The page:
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Incra I-Box Versus Conventional Box Joint Jigs

Incra I-Box

Using the I-Box™ To Create a Box Joint --- Versus Doing So With a Conventional, Shop-Made Jig

Now, you can make precise, tight-fitting box joints  --  without the time-consuming trial-and-error dado blade shimming that's been driving you nuts  for years!

If you've ever created a box (or finger-lap) joint using a shop-made jig, you already know how time-consuming this process can be... how much lumber you can consume in the process... and how frustrated you can become in the attempt. And, Heaven help you if your spouse should attempt to interrupt you during this process... your wedded bliss could be in serious jeopardy !

It is a process that often requires a seemingly endless string of repetitive steps that can make even the strongest, most well-seasoned woodworkers want to pull their hair out by the roots. However, never fear because there is hope... as evidenced by the comparison below.

The I-Box will work with your Mark V or Mark 7 Table Saw... or with the under-table routing function of your Mark 7

The I-Box™ Method -- Step-by-Step

Step 1: Assemble the I-Box jig. This is a one-time step that is only required when you first receive your I-Box... and will not have to be repeated. It should require about 15 to 20 minutes, maximum.

Step 2: Set your stack dado blade set to the width of cut you desire. For example, if you want 3/8" joints, use two 1/8" blades and one 1/8" chipper. No Shims Will Be Required.

Step 3: Calibrate the I-Box to the cutter. Turn the red knob to bring the jig's two metal pin plates together, then make a kiss calibration adjustment until the edge of your blade just touches the edge of the pin plates. Make a test cut to verify the width of your dado cut.

Step 4: Adjust the distance between the pin plates to match your test cut. Turn the red knob to make this adjustment. As you do this, the left-right position of the two pin plates will be altered automatically to match the distance between the cuts to the width of your test cut... so all subsequent cuts will match-up perfectly.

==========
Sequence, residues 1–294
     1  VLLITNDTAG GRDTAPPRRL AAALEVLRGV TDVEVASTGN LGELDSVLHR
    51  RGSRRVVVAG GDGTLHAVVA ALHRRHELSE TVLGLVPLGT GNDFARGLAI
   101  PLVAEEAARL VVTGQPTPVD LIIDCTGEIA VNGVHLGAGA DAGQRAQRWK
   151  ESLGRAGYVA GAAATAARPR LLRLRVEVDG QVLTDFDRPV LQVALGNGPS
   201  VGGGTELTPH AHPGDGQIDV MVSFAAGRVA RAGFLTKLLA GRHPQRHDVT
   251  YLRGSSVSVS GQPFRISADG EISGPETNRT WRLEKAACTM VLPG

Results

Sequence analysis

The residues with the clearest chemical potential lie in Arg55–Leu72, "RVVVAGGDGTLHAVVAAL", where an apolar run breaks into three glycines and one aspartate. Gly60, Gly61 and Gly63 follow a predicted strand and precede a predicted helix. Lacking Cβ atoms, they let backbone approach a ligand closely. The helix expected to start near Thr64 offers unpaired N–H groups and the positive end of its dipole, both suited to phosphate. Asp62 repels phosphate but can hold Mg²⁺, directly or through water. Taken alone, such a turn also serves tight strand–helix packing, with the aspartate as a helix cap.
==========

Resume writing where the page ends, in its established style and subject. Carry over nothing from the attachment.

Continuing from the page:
Step 5: Make the appropriate number of cuts to complete your joints. It's just that simple.

Estimated amount of time required to complete the jig set-up process (Steps 2 through 5)... 10 minutes.

To make a different size finger joint, simply set your dado head to the new width, make a test cut, reset the I-Box to that cut and create your joints.

The Conventional Method Using a Shop-Made Jig

Step 1: Make a wooden miter gauge face. Be sure it's long enough to provide support for the sides of your planned project that are to be joined.

Step 2: Make a positioning pin. It must be EXACTLY the same width as your dado blade set-up . Make it about 2" to 2-1/2" long.

Step 3: Cut out plenty of test boards. You're going to need them during the set-up process! They should be the same thickness and width as your finished pieces.

Step 4: Adjust your dado blade set to the EXACT width of cut you desire. Attach the blade set to your table saw, along with the miter gauge face you made in Step #1 above.

Step 5: Make a test cut. If your test cut is not precise, remove the blade set from your table saw and add or subtract shims as required to achieve the exact cut width you want. Remember that the wider your mating workpieces are, the worse any width discrepancies will become as you progress through making your series of cuts.

Step 6: Repeat STEP 5 as many times as may be required to achieve the EXACT width of cut you desire. If your test cut is not precise, remove the blade set from your table saw and add or subtract shims as required to achieve the exact cut width you want. Note: This process may have to be repeated a few (or several) times to achieve the exact adjustment.

Step 7: Remove your miter gauge face from the gauge and cut a slot in it to accept the positioning pin. This slot MUST be located in the miter gauge face EXACTLY the same distance from the edge of your blade set as the blade set is wide. Glue the positioning pin into the slot of the miter gauge face.

Step 8: Cut two mating workpieces of the width you plan to use and create a test joint. If your test joint doesn't fit properly, there could be any number of reasons for this: (A) Your dado blade width could be set improperly. If so, remove the blade set from your saw, add or delete shims as required and replace. (B) The width of your positioning pin does not match the width of your dado blade set. If so, make a new positioning pin of the correct width. (C) The location of your positioning pin in your miter gauge face could be incorrect. If so, make a new miter gauge face and re-locate the positioning pin slot, as required.

Step 9: Repeat as many of the above steps as may be required to achieve an acceptable result.

Estimated amount of time required to complete the construction of the jig and the set-up process outlined above... from one to two hours.

To make a different size finger joint, it will be necessary for you to make another miter gauge face and another positioning pin... then reset and re-shim your dado blade set to the EXACT width you desire. Basically, go through all nine of the steps outlined above.

Order on the Web or by Phone, if you prefer -- 1-937-890-5197.

Call before 4:30 PM Eastern Time

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